The role of the BUSU President is very multi-faceted. As the head of the student union, they are both a brand ambassador for the union itself as well as the representative of all students at Brock. Their role is to assist the vice-presidents with their portfolios and also taking on any projects that do not fit into a specific portfolio.
“I like to say it’s being part-CEO, part-Special Projects Manager and part-mayor,” said Kyle Rose, the current president.
The president works very closely with the General Manager of BUSU and they also need to work well with all the other part and full-time staff of the union which represent around 300 people. As well, the president sits on a variety of committees as the student perspective.
It is the president’s role to provide the overall direction of BUSU and keep students informed and engaged with the union.
“The president has the interesting task to push forward and show students why they should engage with [the union],” said Chris Green, General Manager of BUSU.
As the person in charge, the president is also the face of the union. They are the one that will be held accountable if anything should not go as planned or if the union is receiving negative feedback for something. It is also their job to represent the union in front of the cameras.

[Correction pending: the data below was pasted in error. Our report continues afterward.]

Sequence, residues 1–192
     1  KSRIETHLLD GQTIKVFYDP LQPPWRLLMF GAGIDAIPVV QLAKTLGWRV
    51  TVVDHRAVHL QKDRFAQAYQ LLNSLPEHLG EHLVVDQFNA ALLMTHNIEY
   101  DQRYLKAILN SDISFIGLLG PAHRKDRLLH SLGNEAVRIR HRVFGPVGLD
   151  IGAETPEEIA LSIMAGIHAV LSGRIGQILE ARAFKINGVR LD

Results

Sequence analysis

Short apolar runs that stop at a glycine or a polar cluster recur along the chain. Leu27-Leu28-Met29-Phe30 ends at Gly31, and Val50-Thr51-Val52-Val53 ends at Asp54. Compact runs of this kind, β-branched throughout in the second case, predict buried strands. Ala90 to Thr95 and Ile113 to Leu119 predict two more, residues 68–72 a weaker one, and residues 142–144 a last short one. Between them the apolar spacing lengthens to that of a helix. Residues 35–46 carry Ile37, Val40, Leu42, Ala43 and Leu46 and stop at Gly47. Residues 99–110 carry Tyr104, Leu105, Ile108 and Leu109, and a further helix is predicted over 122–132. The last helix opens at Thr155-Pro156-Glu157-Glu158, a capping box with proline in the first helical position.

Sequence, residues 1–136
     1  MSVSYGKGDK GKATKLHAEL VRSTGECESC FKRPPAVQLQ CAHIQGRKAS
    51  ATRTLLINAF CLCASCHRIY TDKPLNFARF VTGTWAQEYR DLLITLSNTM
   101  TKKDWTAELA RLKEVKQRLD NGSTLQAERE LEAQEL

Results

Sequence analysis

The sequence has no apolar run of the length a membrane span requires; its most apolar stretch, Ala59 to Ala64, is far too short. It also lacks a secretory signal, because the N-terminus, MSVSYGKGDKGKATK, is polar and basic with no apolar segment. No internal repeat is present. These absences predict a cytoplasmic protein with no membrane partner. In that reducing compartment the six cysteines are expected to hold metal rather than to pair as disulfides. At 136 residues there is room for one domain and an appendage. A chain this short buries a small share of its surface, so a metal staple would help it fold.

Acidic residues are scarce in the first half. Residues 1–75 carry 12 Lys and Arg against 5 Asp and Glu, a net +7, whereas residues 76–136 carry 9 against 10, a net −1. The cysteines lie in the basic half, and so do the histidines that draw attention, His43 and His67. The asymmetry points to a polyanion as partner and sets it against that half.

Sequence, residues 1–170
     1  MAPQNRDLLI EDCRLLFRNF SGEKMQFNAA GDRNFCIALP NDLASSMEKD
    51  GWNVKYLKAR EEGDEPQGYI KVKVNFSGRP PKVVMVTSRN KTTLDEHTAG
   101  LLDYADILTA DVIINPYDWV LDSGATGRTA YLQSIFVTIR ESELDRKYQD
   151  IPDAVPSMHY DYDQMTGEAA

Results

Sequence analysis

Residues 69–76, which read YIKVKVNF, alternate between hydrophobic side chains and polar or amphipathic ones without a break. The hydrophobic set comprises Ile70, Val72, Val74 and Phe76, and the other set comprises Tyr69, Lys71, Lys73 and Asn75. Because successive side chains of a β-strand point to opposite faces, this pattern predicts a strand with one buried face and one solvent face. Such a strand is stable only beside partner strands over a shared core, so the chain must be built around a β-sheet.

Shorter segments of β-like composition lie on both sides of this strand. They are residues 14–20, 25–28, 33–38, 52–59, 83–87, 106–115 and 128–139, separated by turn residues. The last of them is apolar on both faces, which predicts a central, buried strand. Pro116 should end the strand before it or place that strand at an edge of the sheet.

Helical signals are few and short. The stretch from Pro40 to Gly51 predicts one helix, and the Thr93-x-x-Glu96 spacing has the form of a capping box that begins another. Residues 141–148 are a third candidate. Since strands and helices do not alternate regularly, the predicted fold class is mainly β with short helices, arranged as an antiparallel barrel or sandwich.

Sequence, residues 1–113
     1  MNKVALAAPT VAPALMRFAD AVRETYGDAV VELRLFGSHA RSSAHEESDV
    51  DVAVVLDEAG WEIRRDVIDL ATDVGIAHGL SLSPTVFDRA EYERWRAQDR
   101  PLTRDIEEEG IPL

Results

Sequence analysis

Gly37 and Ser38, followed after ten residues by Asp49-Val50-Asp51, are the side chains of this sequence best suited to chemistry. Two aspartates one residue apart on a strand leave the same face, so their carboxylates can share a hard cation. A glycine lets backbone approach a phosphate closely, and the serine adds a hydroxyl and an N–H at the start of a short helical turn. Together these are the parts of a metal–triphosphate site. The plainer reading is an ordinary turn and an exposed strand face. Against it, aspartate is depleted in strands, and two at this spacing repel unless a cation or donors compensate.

Occasionally, it falls to the president to make tough decisions. They need to be able to think long term and in terms of the big picture.
“Sometimes they’ll have to make a decision that might not make an immediate positive impact for students but that will be beneficial in the long run,” said Green.
As well, the president has a seat on the Brock University Board of Trustees and a voting seat on the Brock University Students’ Administrative Council (BUSAC). This also includes submitting a bi-weekly report at BUSAC meetings. The organization of the Annual General Meetings (AGM) is also a part of the president’s role.
A factor that needs to be taken into consideration with the executive positions is the high turnover rate. Each year can see up to four new students, possibly with very little experience, taking up the top four positions in the student’s union. Their decisions have a huge impact on the student experience and have the potential to influence student enrollment numbers.